The Paramount Group is negotiating with several potential customers for the sale of ex-South African Air Force Mirage F1AZ aircraft, and hopes to conclude deals later this year. Paramount executive chairman Ivor Ichikowitz also confirmed that the company had delivered two F1AZs to Congo-Brazzavile and the remainder of an order for six to Gabon.
Air Forces Monthly, in its May edition, said that four F1AZs left Pietersburg Airport in South Africa on August 9 last year. Two were delivered to Congo-Brazzaville for the Force Aerienne Congolaise and the other two went to the Force Aeriennes Gabonaises.
Gabon received two F1AZs in August 2006, followed by two more in November 2007. Ichikowitz said it was possible that Gabon may buy more F1AZs. On August 17 last year Gabon celebrated the 50th anniversary of independence from France with a military parade with 7 000 men and a flypast by five ex-SAAF F1AZs.
Paramount has a continuing maintenance and support contract with Congo-Brazzaville. However, Ichikowitz was not permitted to say how much the contract was worth, nor how much Congo-Brazzaville paid for its aircraft.
In 2003 the South African Air Force put 21 F1 aircraft up for disposal by way of Armscor. Paramount purchased the entire Mirage F1 package, including airframes, spares and support equipment in 2006 and is marketing it together with Aerosud.
In an exclusive interview with defenceWeb, Ichikowitz said that South Africa is determined to maintain its lead as a Mirage centre of excellence in the fields of airframe supply, maintenance and upgrades and bought up the SAAF’s Mirage F1 fleet in order to maintain Mirage competence in South Africa.
Ichikowitz said the ex-South African Air Force Mirage F1AZ fleet still had plenty of life in it. He noted that many developing countries cannot afford to buy new aircraft but require a supersonic capability. That is where Paramount’s F1AZs are stepping in to fill the gap, with its F1s offering ‘value for money and affordability’. He told defenceWeb that Paramount/Aerosud was negotiating with several countries for the purchase of F1s.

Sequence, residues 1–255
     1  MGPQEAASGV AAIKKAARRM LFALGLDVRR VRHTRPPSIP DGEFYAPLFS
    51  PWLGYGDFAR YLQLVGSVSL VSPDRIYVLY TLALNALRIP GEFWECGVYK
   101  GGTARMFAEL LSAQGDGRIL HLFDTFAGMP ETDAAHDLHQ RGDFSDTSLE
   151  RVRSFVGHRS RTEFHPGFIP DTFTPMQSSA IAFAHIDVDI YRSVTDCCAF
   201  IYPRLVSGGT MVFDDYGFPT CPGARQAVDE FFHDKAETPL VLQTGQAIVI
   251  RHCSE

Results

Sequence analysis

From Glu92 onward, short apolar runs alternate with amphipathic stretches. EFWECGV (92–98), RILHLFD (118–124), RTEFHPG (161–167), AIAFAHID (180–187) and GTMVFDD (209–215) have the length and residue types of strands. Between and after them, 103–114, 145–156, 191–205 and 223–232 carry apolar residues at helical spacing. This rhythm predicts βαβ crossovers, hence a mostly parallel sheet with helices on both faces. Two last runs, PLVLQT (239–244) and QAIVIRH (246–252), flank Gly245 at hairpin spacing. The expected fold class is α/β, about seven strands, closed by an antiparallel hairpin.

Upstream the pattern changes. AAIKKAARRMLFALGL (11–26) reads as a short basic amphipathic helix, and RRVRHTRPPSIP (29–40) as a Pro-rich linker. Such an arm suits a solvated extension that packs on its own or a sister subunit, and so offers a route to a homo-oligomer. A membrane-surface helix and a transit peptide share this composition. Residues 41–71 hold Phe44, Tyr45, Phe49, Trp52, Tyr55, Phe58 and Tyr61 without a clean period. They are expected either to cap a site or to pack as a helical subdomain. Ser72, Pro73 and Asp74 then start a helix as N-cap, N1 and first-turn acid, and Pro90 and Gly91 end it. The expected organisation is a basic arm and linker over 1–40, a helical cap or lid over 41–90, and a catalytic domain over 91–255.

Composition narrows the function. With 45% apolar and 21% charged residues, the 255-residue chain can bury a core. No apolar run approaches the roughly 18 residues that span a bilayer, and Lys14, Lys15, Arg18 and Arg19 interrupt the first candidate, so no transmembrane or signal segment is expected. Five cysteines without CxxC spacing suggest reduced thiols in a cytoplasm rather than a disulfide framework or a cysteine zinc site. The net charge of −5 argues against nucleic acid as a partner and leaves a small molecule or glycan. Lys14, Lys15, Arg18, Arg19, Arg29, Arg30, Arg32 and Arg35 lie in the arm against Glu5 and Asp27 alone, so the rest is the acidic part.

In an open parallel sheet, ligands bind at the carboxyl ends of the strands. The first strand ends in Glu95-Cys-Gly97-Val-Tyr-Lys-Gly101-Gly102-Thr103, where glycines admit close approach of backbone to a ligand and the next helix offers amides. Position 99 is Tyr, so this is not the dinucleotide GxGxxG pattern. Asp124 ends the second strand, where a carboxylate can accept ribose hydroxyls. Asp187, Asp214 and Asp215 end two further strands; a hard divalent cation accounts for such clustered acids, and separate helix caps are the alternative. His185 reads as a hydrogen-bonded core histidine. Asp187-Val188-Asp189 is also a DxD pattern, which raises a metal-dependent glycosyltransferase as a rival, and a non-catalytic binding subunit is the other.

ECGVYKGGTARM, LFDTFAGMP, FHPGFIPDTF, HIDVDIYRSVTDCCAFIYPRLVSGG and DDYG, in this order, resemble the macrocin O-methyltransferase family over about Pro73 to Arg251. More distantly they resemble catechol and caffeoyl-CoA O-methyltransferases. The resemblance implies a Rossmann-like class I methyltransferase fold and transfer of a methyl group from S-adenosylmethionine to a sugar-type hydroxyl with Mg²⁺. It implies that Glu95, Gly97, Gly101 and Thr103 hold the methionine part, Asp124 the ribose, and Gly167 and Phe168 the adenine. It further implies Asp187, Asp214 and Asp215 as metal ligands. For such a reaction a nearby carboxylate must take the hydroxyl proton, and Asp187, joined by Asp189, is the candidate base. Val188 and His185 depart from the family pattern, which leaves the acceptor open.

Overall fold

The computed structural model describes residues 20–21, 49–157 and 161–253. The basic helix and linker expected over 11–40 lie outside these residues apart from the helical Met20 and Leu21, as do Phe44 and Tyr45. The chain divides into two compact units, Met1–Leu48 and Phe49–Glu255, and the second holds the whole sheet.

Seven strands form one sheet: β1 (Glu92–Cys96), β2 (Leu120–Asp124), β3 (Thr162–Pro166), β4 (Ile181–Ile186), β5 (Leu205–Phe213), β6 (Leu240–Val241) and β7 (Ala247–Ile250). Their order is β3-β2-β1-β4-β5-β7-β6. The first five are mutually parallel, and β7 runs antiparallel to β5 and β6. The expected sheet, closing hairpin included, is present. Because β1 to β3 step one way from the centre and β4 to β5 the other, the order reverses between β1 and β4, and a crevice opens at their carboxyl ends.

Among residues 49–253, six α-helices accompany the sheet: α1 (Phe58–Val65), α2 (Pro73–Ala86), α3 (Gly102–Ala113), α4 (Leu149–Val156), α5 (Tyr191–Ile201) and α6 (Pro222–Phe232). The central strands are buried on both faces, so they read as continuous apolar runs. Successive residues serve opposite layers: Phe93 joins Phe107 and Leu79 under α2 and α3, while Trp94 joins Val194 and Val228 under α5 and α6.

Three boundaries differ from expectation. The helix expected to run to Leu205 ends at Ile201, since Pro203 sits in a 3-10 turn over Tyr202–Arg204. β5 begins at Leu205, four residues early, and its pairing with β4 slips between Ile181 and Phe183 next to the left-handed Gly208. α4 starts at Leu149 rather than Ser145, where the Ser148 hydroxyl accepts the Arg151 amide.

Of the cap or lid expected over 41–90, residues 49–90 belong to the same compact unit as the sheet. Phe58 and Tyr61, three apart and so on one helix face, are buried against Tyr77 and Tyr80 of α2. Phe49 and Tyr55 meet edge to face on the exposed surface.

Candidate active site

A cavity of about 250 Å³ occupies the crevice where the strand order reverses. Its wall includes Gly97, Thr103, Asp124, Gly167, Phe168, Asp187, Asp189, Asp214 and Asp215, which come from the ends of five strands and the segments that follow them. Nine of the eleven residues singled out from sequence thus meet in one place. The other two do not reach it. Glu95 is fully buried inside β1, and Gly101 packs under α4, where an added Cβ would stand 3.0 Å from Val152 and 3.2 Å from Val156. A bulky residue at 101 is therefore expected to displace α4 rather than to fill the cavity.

However, he added that Paramount was not just concerned with Mirage F1s but Mirage IIIs and 5s as well. Upgrading, maintaining and supplying Mirages is “a very serious part of our business plan,” he said. “Whatever capacity and capability South Africa has is being maintained”.
In addition to maintenance and airframes, Paramount/Aerosud offers Mirage upgrade packages, including the Super Mirage upgrade that adds a more powerful Russian SMR 95/RF-33 engine. Other upgrades involve the weapons systems, avionics, oxygen systems etc.
Another South African company that has Mirage F1 experience is ATE, which assisted Thomson-CSF RCM (now Thales) in upgrading more than 50 Spanish Mirage F1s between 1997 and 2001. ATE was responsible for the design and integration of the navigation, display and weapons systems. The upgraded included colour cockpit liquid crystal displays, a Smart HUD, INS with GPS interface, modern secure communications and improved defensive aids suite, amongst other improvements. The Spanish Mirage upgrade provided ATE with experience to develop and produce the navigation and weapons systems for the South African Air Force’s 24 Hawk Lead-In Fighter Trainers.